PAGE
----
DOBBS: They're viewers.

GLASSMAN: For your viewers and readers, right, in "U.S. News."

Every week, one million Americans leave their job, but one million Americans take a new job. It is that dynamism....

DOBBS: Jim, Jim...

GLASSMAN: It is that dynamism that drives the American economy.

DOBBS: American corporations are shipping jobs overseas for one reason.

GLASSMAN: They are not shipping jobs. And I really object to this rogue...

DOBBS: They are not shipping jobs?

GLASSMAN: I really object to this rogue's gallery of America's greatest companies: Intel, Pfizer, Amazon.com

DOBBS: Shipping jobs.

GLASSMAN: You were once a journalist. You know the accuracy.

DOBBS: Is IBM shipping any jobs overseas? Is IBM?

GLASSMAN: It's creating jobs at home and it's employing people overseas. Just as Honda, you have Congressman Brown here.

DOBBS: I've got to tell you something, if you continue to this...

GLASSMAN: there are 13,000 Honda jobs in Central Ohio. Honda is the largest private employer in Central Ohio.

DOBBS: What's that got to do with...

GLASSMAN: I was wondering whether you would like to stop, that, too.

DOBBS: If I wanted to stop that, Jim, I would say I wanted to stop it. There's no difficulty getting my opinion on something. That is a transplant in a market in which it is brought, it's factories of production. It is not analogous in any way to IBM shipping 10,000 jobs to India solely for the purpose of achieving lower wages.

GLASSMAN: No, no, no. Solely for the purpose of achieving lower costs.

DOBBS: All lower costs are I achieved by what means?

GLASSMAN: All businesses strive to cut costs. And why do they do that? In order to increase their profit so they can reinvest their profits into growth.

DOBBS: Let me review the bidding war, Jim, very quickly. What you are refusing to acknowledge, a half trillion dollar current trade deficit. We are importing capital. We are squandering our wealth on a short-term basis, corporate America and U.S. multinationals are shipping jobs for only one reason, not for greater productivity, not for efficiencies, those are purely code words for cheaper labor costs and you know it and you won't admit it.

GLASSMAN: Absolutely -- no, of course I'll admit it. Obviously any business...

DOBBS: Then, how can you support it?

GLASSMAN: ...every business is trying to lower its cost. But by finding laborers in other countries and lowering those costs, they are able to reinvest in their own business.

DOBBS: OK, I want to show you something, Jim.

GLASSMAN: And increase business at home. They have done this consistently.

DOBBS: Let me show you what Jim Glassman wrote, if we could have that, which piqued my interest when I read it. "Once a sensible, if self-important and sycophantic, CNN anchor, he has suddenly become a table thumping protectionist."

Do you think I'm a protectionist?

GLASSMAN: I do. I really do. And I think the worst thing about it. I think the worst thing about it is, that you know economics. You do know economics. And you understand comparative advantage.

DOBBS: And what is it that...

GLASSMAN: You understand Adam Smith. You understand the trade benefit both sides. You know that. I wish you would concentrate your tremendous intelligence...

DOBBS: That statement is wrong. It's flat wrong.

GLASSMAN: Lou, I wish you would concentrate your intelligence...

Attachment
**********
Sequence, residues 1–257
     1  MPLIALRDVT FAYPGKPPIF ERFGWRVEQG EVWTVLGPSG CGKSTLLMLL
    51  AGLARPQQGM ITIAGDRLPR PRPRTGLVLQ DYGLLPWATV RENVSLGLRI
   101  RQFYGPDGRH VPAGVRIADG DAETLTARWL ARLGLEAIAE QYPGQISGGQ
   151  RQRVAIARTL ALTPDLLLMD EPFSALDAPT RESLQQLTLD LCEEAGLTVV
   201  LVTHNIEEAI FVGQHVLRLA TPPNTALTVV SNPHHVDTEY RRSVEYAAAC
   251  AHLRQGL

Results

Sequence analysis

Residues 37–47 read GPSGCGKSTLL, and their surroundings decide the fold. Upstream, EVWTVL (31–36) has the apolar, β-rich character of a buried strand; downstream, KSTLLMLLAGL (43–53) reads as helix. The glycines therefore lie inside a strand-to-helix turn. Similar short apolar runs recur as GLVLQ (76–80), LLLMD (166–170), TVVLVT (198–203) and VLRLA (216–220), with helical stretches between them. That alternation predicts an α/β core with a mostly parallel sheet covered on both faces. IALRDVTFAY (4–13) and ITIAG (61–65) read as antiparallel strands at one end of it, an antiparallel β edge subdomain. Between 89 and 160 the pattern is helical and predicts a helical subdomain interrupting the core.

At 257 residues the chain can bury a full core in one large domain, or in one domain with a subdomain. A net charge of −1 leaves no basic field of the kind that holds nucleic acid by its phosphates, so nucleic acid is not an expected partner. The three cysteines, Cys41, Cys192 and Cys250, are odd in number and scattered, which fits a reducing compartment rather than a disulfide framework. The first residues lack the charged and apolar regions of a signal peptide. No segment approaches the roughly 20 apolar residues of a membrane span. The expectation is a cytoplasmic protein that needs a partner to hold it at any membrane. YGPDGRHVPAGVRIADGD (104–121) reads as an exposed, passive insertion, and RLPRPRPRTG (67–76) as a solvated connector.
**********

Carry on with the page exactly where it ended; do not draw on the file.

DOBBS: When you are carrying a half trillion dollar trade deficit, it's not benefiting both sides. That's precisely the point. If it were I would...

GLASSMAN: Of course it benefits both sides. The United States is the most...

DOBBS: Do you realize there are 3 trillion dollars in IOUs held by foreigners against U.S. assets? Does that trouble you.

GLASSMAN: The United States is the most robust economy in the world.

DOBBS: You can keep doing it.

GLASSMAN: Obviously, we have problems.

DOBBS: You talk like a cult member. There's a mantra, you say market, you say largest and dynamic.

GLASSMAN: I don't think I've said market yet.

DOBBS: And it simply removes the need for rationality.

GLASSMAN: I just wish you would devote your considerable intelligence what I think is the biggest problem with trade, which is alleviating the pain of the people who get caught. Trade definitely has more benefits...

DOBBS: I am trying to stop the pain before it continues and that's what has got to be addressed. And you are too smart to buy in as a sycophantic response to your corporate bosses and say, you know whatever you want to do, whatever the American enterprise needs to do.

GLASSMAN: To have real economists on the show to discuss these things. People like Katherine Mann who has done a study which shows that computer jobs are rising in the United States.

You talked to Katherine Mann?

DOBBS: We have talk to...

GLASSMAN: Michael Beldon at NC State...

DOBBS: Don't waste our time running through a litany of...

GLASSMAN: I'm talking about facts.

DOBBS: Here are the facts. Half a trillion dollars in a current account deficit. Hundreds of thousands of jobs being shipped overseas, as you acknowledge, by cheap labor costs.

GLASSMAN: I don't consider it shipped overseas. That's not what's happening.

DOBBS: You may not, that's my word. And the fact is, it is exactly what is happening and why you won't acknowledge that is beyond me. Where do you want the United States economy to be in ten years? You can't talk about jobs to retrain.

GLASSMAN: I want it to grow 3 to 4 percent a year as it has done in the past 20 years. Partly because...

DOBBS: And how much of the GDP do you want to be imports? How much of that GDP do you want to be imports? GLASSMAN: I really don't know. I think that's up to individual Americans to determine how much do they want in imports.

DOBBS: Mr. Market...

GLASSMAN: If they don't want to buy goods from overseas, they have that choice. If they don't want to buy Japanese cars they have that choice.

DOBBS: You don't think there should be a balanced trade approach? Balance trade, protecting American jobs.

GLASSMAN: I don't know what that mean.

DOBBS: You don't know what it means?

GLASSMAN: I really don't know what balanced trade means.

DOBBS: Watch the show some more, Jim, we're going to make it clear.

GLASSMAN: Thanks for having me on.

DOBBS: Good to have you here, Jim.

Tonight's thought is on opinion. You just heard a couple. "Few people are capable of expressing, with equanimity, opinions which differ from the prejudices of their social environment, most people are incapable of forming such opinions." We have demonstrated the truth again of Albert Einstein's words.

Posted by richard at February 15, 2004 04:55 PM

Check out http://www.economist.com/agenda/displayStory.cfm?story_id=2454530

Posted by: Mike F. at February 22, 2004 08:18 PM